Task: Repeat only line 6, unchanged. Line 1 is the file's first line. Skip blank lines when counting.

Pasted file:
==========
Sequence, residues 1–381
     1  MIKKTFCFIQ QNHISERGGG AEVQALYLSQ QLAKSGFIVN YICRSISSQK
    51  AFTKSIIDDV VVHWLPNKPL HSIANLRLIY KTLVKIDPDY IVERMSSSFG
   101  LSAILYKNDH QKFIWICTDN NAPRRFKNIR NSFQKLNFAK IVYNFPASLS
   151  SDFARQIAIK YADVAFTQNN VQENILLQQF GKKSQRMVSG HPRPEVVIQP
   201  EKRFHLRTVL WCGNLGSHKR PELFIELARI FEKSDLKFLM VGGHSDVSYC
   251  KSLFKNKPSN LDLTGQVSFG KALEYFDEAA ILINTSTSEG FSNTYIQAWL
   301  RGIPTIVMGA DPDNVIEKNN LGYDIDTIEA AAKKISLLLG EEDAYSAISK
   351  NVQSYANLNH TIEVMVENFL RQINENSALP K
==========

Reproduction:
   201  EKRFHLRTVL WCGNLGSHKR PELFIELARI FEKSDLKFLM VGGHSDVSYC